• Our city. Our legacy. Our forest park.
    Te takiwā, kā hua a Tāne, he taoka tuku iho.
  • Our city. Our legacy. Our forest park.
    Te takiwā, kā hua a Tāne, he taoka tuku iho.
  • Our city. Our legacy. Our forest park.
    Te takiwā, kā hua a Tāne, he taoka tuku iho.
  • Our city. Our legacy. Our forest park.
    Te takiwā, kā hua a Tāne, he taoka tuku iho.

Green spaces reduce health costs

As well as removing air pollution, there are other ways that Avon-Otakaro Forest Park can make us healthier. Green spaces reduce physical and mental health costs, and accessible green spaces and forests lower them the most.

Avon-Otakaro Forest Park improves physical health

It’s been estimated that an eco-park in the Avon River Residential Red Zone would save $50.3 million a year in health spending, based on 2013 costs. These savings are made up of:

$16.1 million from cycling

$32.7 million from walking

$1.5 million from jogging.

Money matters – but it’s not the only thing. These savings would happen because people are healthier and able to enjoy life more.

About one-third of New Zealand children are overweight, increasing their risk of diabetes, heart disease, some cancers, fatty liver disease, deep vein thrombosis, polycystic ovarian disease – and much more.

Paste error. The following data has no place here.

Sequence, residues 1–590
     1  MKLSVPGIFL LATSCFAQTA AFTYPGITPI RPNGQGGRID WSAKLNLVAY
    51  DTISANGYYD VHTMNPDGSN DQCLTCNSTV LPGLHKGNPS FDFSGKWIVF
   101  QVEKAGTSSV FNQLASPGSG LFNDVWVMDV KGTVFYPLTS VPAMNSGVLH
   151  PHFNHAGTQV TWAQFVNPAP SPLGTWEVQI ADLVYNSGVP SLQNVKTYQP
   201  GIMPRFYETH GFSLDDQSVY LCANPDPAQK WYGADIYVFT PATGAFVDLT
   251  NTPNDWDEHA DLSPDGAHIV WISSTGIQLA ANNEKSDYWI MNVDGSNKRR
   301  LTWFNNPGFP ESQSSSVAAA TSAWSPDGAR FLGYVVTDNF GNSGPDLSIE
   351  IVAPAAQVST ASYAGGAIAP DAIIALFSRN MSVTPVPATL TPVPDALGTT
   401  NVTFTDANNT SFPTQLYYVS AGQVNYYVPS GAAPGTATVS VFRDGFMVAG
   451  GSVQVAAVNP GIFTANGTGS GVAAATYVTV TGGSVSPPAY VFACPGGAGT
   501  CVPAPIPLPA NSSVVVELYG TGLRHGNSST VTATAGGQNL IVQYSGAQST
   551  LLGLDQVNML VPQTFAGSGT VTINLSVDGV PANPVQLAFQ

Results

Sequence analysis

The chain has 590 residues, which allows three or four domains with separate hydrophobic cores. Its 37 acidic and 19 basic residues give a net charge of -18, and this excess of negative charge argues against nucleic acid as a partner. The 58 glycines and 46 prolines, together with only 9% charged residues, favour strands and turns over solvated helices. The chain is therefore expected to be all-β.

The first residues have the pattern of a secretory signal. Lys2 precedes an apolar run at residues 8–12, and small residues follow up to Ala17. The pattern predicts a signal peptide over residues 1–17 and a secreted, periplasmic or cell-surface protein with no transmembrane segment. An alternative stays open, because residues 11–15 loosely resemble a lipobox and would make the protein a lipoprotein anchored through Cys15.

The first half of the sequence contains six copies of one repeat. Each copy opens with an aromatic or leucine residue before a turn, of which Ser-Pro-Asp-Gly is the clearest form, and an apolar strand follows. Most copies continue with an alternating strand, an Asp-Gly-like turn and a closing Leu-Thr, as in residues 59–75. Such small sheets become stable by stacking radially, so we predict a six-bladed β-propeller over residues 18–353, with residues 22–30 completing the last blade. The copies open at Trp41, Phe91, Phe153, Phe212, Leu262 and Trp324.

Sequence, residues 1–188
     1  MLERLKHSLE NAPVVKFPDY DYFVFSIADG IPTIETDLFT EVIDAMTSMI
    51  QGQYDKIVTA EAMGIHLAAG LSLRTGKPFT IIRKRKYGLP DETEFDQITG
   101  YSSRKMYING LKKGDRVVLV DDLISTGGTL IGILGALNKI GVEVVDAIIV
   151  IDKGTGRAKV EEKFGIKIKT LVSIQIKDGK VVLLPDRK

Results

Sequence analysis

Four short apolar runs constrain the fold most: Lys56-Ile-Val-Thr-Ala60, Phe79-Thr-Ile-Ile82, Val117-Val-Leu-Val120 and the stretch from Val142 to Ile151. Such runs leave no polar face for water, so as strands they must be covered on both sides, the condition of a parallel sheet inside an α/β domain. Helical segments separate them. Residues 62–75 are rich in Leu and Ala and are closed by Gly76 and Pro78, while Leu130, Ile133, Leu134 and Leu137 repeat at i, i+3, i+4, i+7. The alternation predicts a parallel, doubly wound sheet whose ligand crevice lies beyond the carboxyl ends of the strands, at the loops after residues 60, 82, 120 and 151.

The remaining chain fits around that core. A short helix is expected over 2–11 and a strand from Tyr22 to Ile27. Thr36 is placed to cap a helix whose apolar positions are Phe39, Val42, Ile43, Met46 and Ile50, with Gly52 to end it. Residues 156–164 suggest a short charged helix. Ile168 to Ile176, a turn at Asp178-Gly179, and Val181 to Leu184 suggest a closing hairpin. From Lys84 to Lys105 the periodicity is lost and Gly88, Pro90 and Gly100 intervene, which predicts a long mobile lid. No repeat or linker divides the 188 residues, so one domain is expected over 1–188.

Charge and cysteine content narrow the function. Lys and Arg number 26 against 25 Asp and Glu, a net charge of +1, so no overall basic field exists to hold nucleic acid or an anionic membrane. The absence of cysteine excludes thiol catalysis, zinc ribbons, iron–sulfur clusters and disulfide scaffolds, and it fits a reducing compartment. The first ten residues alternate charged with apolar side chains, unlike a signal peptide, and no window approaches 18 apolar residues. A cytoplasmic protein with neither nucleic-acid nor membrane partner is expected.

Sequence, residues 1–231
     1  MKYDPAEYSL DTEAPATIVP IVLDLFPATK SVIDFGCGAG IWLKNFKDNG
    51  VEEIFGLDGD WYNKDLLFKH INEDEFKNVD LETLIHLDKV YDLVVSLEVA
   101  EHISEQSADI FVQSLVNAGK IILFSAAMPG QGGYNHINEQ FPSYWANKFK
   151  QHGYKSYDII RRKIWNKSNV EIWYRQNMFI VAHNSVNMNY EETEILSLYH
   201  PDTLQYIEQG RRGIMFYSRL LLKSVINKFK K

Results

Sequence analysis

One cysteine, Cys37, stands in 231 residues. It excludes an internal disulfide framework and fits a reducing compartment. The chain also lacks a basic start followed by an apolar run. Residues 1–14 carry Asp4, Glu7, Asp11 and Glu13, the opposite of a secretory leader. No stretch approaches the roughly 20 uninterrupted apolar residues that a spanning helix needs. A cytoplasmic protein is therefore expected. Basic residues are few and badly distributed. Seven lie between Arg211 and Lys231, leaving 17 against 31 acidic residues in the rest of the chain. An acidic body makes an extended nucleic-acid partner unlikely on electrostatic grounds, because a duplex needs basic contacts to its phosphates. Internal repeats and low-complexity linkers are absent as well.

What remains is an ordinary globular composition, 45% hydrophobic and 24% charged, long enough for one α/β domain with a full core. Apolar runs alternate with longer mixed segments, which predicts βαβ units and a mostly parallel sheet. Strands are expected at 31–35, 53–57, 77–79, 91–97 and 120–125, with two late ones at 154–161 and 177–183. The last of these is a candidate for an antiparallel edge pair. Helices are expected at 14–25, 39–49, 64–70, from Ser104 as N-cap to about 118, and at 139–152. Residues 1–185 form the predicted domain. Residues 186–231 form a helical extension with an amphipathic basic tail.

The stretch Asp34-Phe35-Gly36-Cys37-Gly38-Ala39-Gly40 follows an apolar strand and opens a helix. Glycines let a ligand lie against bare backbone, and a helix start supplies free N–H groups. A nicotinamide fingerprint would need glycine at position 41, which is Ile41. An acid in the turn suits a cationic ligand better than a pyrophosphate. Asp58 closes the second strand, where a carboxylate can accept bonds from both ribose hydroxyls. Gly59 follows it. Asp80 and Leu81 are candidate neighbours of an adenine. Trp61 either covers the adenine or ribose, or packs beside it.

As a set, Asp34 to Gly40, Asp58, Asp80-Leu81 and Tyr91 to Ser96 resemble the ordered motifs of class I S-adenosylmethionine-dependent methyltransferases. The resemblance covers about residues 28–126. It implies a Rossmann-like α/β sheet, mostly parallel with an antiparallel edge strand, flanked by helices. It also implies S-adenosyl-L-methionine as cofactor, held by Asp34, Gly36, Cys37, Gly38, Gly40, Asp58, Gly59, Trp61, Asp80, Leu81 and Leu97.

Easy, free access to ecologically sensitive exercise such as walking, running, cycling, canoeing, kayaking, and fooling around in natural playgrounds, can make Christchurch’s children more active – and help to prevent the often awful effects of obesity.

Biking through Avon-Otakaro Forest Park
Biking in the Avonside red zone
Increased cycling, walking, and jogging in a red zone forest and wetland park would save millions in health costs

Avon-Otakaro Forest Park improves mental health

Many people don’t like talking about mental health. Yet Mental Health Foundation figures show that 14.3% of New Zealanders are diagnosed with depression and 6.1% with anxiety at some stage in their lives. Only coronary heart disease causes more health loss for New Zealanders.

The situation in post-quake Christchurch is particularly dire, with calls to police about attempted suicides almost doubling since 2011.

However, an Auckland study shows that fewer people living within 3km of green space need treatment for anxiety and mood disorders (such as depression and bipolar disorder). The further away from green space people live, the higher the rate of treatment.

The same study shows that every 1% increase in green space is associated with 4% less treatment. Large areas are better than smaller areas, and green space that’s free for people to access is the best. Increasing green space reduces pressure on healthcare facilities.

International research says the same thing. A population study in the American state of Wisconsin shows that green space, and especially tree canopy cover, decreases depression in neighbouring areas, even when taking into account issues such as income and employment. It also decreases stress and anxiety.

People from lower socioeconomic groups, who show the most symptoms of depression, stress and anxiety, have the most to gain from more  trees.

On the next page: Back to nature